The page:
Objectives: To examine the relation between neuropsychological impairment and functional disability in patients with chronic fatigue syndrome, and determine whether the relation is independent of psychiatric factors.
Methods: The subjects were 53 patients with chronic fatigue syndrome and 32 healthy controls who did not exercise regularly. Subjects were administered a structured psychiatric interview and completed questionnaires focusing on depression and functional disability. They also completed a battery of standardised neuropsychological tasks focusing on the cognitive domains that patients with chronic fatigue syndrome experience as particularly difficult: memory (verbal and visual), and attention/concentration. A test score was defined as failing when it was > or =2 SD below the mean of the healthy controls after controlling for demographic factors.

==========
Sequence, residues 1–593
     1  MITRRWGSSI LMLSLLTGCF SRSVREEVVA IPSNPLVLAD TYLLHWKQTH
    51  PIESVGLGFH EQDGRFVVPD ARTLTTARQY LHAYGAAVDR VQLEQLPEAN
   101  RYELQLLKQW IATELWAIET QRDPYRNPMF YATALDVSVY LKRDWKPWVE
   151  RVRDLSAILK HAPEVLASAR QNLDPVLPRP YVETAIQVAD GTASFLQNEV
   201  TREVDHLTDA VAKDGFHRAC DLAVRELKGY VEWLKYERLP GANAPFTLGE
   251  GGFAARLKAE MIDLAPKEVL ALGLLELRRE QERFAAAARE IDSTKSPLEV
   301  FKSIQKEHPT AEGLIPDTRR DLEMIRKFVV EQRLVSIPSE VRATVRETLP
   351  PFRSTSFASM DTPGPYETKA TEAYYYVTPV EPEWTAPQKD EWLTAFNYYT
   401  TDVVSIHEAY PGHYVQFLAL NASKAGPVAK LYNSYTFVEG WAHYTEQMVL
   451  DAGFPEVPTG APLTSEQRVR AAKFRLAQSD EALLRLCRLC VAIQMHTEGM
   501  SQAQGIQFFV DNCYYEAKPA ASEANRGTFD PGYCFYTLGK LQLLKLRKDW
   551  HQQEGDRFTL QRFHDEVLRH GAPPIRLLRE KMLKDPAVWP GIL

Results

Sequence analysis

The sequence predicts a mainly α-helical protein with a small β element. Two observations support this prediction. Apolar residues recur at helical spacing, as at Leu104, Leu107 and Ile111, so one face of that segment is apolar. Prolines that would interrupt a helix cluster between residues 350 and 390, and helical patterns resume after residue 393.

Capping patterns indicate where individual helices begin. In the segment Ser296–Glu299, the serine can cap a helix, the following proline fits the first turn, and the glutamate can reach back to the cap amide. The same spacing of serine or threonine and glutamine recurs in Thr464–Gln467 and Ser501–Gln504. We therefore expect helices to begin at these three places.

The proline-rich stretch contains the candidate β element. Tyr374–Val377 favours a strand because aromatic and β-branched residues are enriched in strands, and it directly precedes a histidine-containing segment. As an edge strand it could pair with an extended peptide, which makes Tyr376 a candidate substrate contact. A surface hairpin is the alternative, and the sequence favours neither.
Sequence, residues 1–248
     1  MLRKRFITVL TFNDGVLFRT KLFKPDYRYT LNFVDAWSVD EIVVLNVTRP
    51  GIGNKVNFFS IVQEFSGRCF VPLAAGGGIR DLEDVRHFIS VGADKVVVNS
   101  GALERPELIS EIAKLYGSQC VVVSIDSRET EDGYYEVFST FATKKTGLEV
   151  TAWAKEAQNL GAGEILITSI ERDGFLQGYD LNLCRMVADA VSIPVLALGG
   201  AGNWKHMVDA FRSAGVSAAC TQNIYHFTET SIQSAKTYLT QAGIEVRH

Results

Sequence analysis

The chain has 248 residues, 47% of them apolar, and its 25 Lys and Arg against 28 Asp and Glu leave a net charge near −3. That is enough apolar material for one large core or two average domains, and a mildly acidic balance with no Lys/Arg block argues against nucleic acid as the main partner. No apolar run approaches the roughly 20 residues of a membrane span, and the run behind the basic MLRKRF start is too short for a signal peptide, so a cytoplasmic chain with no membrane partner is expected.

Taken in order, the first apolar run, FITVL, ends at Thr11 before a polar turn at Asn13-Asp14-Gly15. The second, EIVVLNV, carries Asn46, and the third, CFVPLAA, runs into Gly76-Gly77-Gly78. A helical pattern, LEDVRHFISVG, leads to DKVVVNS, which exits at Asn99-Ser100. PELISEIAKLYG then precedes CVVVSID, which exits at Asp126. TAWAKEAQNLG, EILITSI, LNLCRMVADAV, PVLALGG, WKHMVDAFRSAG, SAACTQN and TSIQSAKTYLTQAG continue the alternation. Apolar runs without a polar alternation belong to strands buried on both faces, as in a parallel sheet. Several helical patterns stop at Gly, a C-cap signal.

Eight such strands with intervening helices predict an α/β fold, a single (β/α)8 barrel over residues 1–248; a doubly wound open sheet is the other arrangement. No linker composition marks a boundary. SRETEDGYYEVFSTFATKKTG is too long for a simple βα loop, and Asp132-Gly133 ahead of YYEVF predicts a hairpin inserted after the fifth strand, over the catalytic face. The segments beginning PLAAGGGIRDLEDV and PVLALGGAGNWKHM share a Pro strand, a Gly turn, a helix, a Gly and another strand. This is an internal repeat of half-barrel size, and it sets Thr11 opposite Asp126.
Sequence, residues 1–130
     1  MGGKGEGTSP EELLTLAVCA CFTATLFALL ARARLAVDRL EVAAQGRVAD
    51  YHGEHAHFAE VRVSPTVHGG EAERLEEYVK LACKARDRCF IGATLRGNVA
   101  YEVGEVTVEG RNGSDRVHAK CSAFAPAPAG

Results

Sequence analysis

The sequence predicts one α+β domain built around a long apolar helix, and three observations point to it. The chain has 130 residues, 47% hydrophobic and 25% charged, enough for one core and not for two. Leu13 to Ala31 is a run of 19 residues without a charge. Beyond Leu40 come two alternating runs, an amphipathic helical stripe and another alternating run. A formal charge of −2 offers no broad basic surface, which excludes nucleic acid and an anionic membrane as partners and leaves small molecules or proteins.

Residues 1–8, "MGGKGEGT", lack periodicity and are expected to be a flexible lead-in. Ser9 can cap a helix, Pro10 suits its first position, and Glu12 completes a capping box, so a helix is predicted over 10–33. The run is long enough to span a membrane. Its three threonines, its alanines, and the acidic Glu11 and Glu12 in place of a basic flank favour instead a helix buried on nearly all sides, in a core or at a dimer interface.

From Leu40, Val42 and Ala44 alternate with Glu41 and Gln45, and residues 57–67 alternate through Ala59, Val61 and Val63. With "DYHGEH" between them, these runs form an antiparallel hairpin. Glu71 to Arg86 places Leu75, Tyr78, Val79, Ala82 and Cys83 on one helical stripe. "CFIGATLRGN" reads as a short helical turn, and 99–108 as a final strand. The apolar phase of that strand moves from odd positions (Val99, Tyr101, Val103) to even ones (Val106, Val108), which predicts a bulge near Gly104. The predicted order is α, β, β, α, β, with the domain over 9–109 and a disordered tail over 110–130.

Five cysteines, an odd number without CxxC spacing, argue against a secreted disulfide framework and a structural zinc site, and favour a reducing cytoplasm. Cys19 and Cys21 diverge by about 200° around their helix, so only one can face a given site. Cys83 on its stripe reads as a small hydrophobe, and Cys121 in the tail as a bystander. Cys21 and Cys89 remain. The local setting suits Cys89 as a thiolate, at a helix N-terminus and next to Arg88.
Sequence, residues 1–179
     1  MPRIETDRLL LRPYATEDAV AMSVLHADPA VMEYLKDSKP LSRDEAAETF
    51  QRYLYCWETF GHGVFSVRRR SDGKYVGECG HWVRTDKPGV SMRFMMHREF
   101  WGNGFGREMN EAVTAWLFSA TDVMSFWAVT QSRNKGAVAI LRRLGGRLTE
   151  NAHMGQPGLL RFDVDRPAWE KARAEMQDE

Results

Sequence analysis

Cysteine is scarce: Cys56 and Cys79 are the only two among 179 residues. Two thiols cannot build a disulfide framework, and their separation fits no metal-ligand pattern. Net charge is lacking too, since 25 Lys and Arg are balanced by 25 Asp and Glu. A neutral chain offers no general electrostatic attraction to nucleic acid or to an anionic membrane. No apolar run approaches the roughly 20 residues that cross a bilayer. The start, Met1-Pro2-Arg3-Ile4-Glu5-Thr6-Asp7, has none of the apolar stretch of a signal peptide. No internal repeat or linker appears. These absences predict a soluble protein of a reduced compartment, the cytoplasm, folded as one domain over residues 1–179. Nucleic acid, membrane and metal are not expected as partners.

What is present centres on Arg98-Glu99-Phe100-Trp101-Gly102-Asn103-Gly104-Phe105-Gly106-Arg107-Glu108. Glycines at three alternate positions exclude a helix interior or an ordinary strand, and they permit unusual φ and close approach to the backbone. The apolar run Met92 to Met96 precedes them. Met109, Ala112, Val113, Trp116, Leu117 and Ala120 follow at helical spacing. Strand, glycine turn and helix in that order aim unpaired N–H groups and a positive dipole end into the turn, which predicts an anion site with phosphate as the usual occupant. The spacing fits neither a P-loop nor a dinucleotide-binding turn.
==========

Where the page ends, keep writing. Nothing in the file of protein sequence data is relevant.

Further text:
Results: Those patients with chronic fatigue syndrome with higher numbers of failing neuropsychological test scores reported significantly more days of general inactivity in the past month than those with fewer failing scores. This result remained significant even after partialling out the contribution of the presence of a comorbid axis I psychiatric episode and the overall level of depressive symptomology. Patients with failing verbal memory scores were particularly functionally disabled compared with those with passing scores.
Conclusion: A relation was found between cognitive impairment and functional disability which could not be explained entirely on the basis of psychiatric factors.